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Question from Robert:

What is the real total cost of load failures and rejected loads?

 
Answer:


Hi Robert,
You have invested significant time and money in developing, producing, and selling a great product, but all that is wasted if your customer rejects a load, or if it arrives damaged. There are, of course, the obvious costs such as the product itself, the transportation to your customer, and the return to your facility (by the way, transport costs have been steadily escalating). But there are some substantial costs that might easily be missed. These include disposal fees, clean up fees, fines, missed customer deliveries (and if you run 24/7, you may not have the production bandwidth to replace failed or damaged loads). There is one other critical impact to your business that you want to avoid at all costs, and that is the loss of your customer’s confidence because of interruptions to their operation or lost revenue. While those costs do not show up on the operating statement or balance sheet, they directly impact the growth of your business.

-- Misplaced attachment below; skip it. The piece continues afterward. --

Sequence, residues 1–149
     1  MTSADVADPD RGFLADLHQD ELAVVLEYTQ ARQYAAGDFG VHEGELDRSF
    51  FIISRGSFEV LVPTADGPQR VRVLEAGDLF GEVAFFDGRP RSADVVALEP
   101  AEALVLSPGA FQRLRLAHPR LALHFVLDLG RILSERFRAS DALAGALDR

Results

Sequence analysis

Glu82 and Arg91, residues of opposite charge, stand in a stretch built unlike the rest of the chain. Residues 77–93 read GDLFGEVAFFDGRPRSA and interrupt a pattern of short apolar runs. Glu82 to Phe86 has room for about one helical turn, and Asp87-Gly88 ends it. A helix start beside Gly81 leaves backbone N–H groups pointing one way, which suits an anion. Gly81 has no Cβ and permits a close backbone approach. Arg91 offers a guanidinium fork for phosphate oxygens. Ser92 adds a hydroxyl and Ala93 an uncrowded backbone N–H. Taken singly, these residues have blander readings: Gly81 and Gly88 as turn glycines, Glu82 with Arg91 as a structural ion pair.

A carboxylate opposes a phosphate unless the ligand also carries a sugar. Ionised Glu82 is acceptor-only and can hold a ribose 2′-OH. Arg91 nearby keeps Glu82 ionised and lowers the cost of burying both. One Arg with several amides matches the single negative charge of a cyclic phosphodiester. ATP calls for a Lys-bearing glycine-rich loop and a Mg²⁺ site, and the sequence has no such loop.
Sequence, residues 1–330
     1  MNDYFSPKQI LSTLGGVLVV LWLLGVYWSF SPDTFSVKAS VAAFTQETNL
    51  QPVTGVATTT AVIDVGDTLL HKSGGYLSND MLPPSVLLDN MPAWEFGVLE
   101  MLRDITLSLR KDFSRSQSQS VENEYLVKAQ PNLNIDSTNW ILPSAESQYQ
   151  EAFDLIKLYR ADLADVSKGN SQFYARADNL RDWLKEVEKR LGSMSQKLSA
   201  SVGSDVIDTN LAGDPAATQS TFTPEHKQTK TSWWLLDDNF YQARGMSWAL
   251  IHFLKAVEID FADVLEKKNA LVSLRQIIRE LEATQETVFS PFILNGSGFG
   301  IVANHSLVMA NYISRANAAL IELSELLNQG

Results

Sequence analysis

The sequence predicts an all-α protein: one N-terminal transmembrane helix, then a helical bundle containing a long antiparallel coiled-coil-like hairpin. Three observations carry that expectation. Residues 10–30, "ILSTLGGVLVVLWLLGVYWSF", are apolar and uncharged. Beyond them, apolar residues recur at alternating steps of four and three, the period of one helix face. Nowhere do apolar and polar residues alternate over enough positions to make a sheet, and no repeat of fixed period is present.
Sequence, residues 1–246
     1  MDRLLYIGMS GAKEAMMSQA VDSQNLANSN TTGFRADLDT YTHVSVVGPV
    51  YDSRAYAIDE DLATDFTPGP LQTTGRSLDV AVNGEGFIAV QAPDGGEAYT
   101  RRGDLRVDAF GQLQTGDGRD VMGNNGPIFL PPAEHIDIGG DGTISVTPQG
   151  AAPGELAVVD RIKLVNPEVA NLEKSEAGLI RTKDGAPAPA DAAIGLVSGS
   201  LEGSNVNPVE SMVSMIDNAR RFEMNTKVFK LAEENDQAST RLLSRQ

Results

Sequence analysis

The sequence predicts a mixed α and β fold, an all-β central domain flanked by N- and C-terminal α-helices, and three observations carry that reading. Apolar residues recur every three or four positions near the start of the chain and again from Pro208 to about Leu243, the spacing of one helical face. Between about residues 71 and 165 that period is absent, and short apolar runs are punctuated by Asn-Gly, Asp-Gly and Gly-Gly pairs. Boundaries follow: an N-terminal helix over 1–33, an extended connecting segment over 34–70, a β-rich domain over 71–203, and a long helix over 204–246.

Here is the age-old challenge; protective packaging is part of the COGS (Cost of Goods Sold), a key metric reviewed by management. The typical objective is to make that as low as possible. Costs associated with load failures are sometimes buried in other GL expense accounts, which may not have the same focus by management. Lowering COGS by reducing protective packaging can make someone look like a hero but is often more than offset by higher indirect expenses. Even though they are related, you may be responsible for one and have no control over the other (which sounds like a typical Catch-22 to me).

So, to put a bottom line on this… the hard cost normally runs in the thousands of dollars for each load failure. While that is bad enough, the loss of customer confidence is far worse (and its effects are long term).

Now that I have totally depressed you, let me give you some good news. We can help you develop a load containment standard that can reduce or eliminate load failures (indirect expense) AND also minimize your cost for protective packaging (COGS). No more Catch-22!   

Thanks for asking!

Steve